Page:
Season 3 – Another great season which shows how this show keeps getting better without changing too much. There are some really great episodes here: The Littlest Yarbo which is a great take on the classic Canadian TV series “The Littlest Hobo”, “Block Party” where Hank builds a model of the town out of Lego, and Merry Gasmas, the only episode filmed during the ridiculously cold Saskatchewan winters.
Season 4 – In its fourth year, CG was still going strong with no sign of shark jumping in sight. This season has one of my favourite episodes; The Good Old Hockey Game, where the 1972 Canada vs. Russia Summit Series is mirrored in a table hockey tournament between Brent and Karen. This season is also famous for its season finale. As then end of the TV year approached, rumours were leaked that this would be Corner Gas’s last year, though nothing was confirmed or denied. When the Season Finale, Gopher It, aired, it played out as though it was the final episode, with every character going their separate ways. However, it at turned out to be a clever trick, and we were given two more great years.
Season 5 – In its fifth year, still no signs of slowing down. More hilarious situations were in store for us, like Hank’s dirty truck serving as a memo pad, the Dog River residents having their own cable access shows, and Hank in the middle of a crop circle hoax. But the highlight is once again the season finale, a 24 spoof leading up to Brent’s 40th birthday, which even includes a cameo from Jack Bauer himself Keifer Sutherland.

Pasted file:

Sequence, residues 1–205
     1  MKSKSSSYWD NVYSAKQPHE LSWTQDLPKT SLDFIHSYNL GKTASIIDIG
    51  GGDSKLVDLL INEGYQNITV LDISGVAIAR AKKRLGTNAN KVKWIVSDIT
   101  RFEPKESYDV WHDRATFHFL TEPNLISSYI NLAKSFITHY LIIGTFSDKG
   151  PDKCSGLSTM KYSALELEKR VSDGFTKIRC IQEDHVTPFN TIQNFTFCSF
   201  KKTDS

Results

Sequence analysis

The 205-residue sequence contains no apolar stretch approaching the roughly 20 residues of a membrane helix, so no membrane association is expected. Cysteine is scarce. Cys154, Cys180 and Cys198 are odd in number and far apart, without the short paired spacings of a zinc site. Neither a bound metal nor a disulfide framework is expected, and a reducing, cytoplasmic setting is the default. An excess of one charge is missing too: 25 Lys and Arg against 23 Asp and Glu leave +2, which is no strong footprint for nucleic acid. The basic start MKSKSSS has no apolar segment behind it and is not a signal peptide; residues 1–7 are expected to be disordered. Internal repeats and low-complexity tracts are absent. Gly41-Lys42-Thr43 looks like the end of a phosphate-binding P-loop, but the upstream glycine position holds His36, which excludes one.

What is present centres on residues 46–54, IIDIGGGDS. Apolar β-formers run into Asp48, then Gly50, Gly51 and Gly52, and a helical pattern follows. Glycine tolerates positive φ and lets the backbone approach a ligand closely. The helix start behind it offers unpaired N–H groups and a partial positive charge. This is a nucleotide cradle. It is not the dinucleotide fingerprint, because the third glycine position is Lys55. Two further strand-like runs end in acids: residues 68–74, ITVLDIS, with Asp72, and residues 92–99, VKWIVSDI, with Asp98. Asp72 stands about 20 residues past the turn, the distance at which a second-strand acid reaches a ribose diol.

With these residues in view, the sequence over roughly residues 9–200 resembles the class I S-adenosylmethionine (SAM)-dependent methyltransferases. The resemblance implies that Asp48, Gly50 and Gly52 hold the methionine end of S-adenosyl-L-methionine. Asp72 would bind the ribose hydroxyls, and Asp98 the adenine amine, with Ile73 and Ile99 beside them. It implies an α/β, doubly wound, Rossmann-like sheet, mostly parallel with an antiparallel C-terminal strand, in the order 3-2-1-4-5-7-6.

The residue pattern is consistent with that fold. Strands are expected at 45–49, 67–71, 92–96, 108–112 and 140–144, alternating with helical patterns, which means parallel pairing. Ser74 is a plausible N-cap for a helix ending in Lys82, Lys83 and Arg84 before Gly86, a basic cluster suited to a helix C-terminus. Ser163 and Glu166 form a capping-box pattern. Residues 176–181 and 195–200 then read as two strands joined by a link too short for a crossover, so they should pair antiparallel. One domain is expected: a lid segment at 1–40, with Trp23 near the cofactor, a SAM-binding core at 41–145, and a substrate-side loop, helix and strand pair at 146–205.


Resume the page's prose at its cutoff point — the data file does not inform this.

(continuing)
Season 6 – Early in the sixth season, Brent Butt announced that this year would be Corner Gas’s last (for real this time). His decision was based on a “going out on top” mentality, and so they did. The show’s quality remained consistent throughout all six seasons and ended with class with the final episode You’ve Been Great, Goodnight.
Ranking of the Seasons:
This is tough to do since they are really so close, but here it goes
But again, all really close to each other. I just went by the number of really standout episodes within each season.
Favourite Character – Dog River is full of some really great comic characters: Brent is sharp-tongued and full of wit, Hank as the village idiot borders on excess but manages to just stay under it, and Davis and Karen as the lazy cops are great. But my favourite character has to be the ultimate curmudgeon, Oscar Leroy. Oscar is Brent’s dad and his gruff demeanor makes me laugh every time. Oscar annoys everyone around him, including his wife Emma, and makes us laugh in return.
Final Thoughts – As someone who grew up in a small Saskatchewan town, it was easy to fall in love with Corner Gas. Dog River may have been a fictional town, but it became a real place to both the viewers and characters alike, with its insurance store which also sells liquor, its foo mart, and its single yet confusing four-way stop sign. Corner Gas really captures the essence of small town life.
Looking back, its astounding to me how consistent this show was from beginning to end. It never dipped in quality and continued to provide great comic stories the entire way through. We fell in love with the characters and laughed ourselves silly, no matter where we were on the humour spectrum. It reminds me of Seinfeld in how it never lost a step and left the scene with grace and poise. Corner Gas is the best Canadian comedy there has been and will always hold a special place in my TV viewing memories.